The Milk of Birds
Written by Sylvia Whitman
Atheneum Books for Young Readers, 2013, 384 pp.
It is strange to think of all the people in the world. Most we do not know or ever see, but they grow up alongside us. Nawra, (p. 346)
Nawra is a 14-year-old Sudanese teenager involved in a “Save the Girls” project through a relief agency that pairs young women from war-torn Sudan with typical American girls. Her pen pal is K.C., who has learning disabilities that make her feel alienated from most of her peers. The two seem an unlikely pairing, and at first, they are. K.C. reluctantly gets involved with the project, propelled by her mother’s desire for K.C. to gain a greater understanding of the world. Nawra becomes involved because her friend, Adeema, brings her to the meeting at the IDP (internally displaced person) camp in Sudan. Adeema writes for Nawra, who is illiterate. K.C., who procrastinates for months before returning any letters, eventually becomes deeply involved in the events of Nawra’s life and the conditions in the Sudan. Both come to rely upon each other as confidantes and distance supporters for each other’s growth through their painful life circumstances.
The Milk of Birds is quite simply a beautiful story that presents readers with two stories that intertwine and remind us of the delicate balance that is often a part of life regardless of geographical or political location. Readers come to know about the devastation of Darfur and the Sudan as well as the stigma of learning disabilities through the letters and life narratives of these young women. As the stories on both sides of the written relationship unfold, readers are introduced to strong young women who find courage to face their individual circumstances—one horrific, the other perhaps less so but with the potential of long-lasting damage to the psyche. The author maintains a balanced approach to the painful stories with the use of humor by both the protagonists. The use of proverbs is a delightful addition to the text and could be very useful for reframing readers’ thinking about their circumstances. Equally important in the story are the two supporting friends, Emily and Adeema, who have significant roles to play and serve as a model of female friendships that weather the backlash that often accompanies alienation and stigmatization by peers.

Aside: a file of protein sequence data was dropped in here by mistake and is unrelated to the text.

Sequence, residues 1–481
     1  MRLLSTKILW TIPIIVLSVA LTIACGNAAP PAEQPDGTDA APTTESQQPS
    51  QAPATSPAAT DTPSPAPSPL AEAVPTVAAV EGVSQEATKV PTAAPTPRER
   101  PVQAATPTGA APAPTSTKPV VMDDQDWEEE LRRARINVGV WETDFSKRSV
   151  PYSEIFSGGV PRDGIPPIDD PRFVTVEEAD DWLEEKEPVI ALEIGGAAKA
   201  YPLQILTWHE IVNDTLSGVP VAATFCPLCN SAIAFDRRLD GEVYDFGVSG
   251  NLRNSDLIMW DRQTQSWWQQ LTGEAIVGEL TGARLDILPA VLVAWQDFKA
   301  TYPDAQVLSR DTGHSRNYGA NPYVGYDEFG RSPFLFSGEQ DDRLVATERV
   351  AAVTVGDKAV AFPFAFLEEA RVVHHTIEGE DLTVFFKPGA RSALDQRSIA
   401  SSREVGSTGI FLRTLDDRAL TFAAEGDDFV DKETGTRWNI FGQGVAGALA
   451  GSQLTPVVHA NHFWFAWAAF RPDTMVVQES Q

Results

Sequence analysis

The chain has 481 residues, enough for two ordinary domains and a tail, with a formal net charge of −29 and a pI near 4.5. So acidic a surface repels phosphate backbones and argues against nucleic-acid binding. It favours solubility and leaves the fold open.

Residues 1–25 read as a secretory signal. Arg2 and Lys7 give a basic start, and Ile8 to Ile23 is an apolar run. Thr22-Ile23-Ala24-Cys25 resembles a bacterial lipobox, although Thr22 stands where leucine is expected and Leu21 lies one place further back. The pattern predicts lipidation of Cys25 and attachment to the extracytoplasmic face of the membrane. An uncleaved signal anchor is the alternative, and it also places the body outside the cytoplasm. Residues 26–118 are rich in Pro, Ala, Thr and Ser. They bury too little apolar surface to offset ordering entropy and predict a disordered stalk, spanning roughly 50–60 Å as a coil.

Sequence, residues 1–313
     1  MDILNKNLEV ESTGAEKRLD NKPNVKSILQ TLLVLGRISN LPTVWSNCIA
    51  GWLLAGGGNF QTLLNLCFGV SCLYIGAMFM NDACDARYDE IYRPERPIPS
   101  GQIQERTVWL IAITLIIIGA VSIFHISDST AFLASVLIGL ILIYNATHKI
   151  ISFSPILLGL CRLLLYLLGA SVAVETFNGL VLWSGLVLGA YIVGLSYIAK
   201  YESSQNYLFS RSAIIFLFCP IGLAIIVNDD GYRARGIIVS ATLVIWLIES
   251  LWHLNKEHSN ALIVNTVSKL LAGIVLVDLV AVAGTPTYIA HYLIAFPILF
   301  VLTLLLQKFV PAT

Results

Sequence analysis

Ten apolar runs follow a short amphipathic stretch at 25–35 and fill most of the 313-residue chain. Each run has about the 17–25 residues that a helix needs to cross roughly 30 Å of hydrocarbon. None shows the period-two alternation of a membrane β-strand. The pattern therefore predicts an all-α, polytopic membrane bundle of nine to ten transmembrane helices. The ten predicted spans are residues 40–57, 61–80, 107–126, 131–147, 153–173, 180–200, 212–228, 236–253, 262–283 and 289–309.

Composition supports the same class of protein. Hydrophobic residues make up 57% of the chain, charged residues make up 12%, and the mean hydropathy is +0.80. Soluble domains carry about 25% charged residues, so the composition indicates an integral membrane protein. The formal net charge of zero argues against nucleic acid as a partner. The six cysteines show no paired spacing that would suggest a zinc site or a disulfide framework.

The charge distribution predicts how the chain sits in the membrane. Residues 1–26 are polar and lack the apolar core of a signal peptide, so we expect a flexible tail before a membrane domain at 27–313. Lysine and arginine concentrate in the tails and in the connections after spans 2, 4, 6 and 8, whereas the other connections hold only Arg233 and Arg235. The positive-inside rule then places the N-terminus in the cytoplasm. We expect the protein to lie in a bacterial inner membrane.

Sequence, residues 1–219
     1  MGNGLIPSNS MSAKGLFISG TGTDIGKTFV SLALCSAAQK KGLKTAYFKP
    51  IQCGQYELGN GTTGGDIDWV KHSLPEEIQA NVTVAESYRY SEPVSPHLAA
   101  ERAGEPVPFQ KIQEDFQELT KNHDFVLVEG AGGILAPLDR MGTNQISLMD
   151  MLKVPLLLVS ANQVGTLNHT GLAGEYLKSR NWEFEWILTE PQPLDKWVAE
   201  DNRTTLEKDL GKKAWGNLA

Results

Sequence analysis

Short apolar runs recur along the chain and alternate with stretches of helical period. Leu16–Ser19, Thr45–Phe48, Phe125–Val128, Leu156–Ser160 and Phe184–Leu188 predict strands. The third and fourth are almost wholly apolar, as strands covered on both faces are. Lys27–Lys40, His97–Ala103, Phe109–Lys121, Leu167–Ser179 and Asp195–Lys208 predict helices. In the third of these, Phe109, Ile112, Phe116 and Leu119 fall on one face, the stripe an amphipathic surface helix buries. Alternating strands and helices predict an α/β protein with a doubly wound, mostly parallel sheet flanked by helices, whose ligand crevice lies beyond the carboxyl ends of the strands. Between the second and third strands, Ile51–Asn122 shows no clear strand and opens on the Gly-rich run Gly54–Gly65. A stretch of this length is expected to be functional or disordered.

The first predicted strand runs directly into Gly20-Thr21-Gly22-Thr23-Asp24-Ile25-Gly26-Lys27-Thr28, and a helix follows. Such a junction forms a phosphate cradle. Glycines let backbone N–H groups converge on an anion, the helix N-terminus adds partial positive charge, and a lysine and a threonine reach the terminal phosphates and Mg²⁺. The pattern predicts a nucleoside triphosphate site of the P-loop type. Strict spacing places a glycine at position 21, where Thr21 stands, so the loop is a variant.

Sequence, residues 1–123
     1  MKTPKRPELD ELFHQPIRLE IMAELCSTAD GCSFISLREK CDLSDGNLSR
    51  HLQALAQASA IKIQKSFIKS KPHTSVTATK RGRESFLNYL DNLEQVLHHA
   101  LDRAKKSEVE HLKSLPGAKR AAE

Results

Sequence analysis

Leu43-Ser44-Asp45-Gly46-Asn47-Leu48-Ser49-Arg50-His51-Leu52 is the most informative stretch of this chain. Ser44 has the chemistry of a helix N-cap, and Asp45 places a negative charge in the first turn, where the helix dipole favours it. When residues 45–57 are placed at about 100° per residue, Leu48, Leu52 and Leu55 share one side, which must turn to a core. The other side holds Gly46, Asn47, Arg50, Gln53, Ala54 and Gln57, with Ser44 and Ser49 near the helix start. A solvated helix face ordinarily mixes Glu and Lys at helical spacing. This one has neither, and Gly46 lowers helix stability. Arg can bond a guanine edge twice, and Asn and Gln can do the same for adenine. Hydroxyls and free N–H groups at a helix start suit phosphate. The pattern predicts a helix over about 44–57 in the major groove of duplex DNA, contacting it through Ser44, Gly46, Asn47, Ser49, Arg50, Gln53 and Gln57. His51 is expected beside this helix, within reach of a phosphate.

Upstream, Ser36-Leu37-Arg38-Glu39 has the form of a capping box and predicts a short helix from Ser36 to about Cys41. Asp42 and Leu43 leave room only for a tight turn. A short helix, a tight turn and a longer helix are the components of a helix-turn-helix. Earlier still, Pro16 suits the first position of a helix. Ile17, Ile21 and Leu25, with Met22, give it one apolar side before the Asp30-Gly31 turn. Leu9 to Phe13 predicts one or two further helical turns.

The explanation at the end of the book of the connection to author Sylvia Whitman allows readers insight into Whitman’s purpose for writing and her writing process, which is as enlightening as the text itself. She notes her love of proverbs, which are sprinkled throughout the book, and make for excellent discussion with young people about the richness of language and the profound messages that can be relayed in shorter passages. Written for middle and high school students, The Milk of Birds would make a great companion to A Long Walk to Water (Linda Sue Park, 2011) or A Long Way Gone (Ishmael Beah, 2008) to address the topic of the Sudan and Darfur. It could also be used in a text set with books such as Make Lemonade (Virginia Euwer Wolff, 2006) and Child of Dandelions (Shenaaz Nanji, 2009) as a way of examining friendships across cultural borders.
Sylvia Whitman is a writer and writing specialist who lives in Arlington, Virginia and works at Marymount University. She has also taught undergraduate seminars on the Middle East and North Africa. The Milk of Birds is her first young adult novel, but she has written informational texts for young audiences about issues of war and poverty. More information about Whitman can be found on her website.
Holly Johnson, University of Cincinnati, OH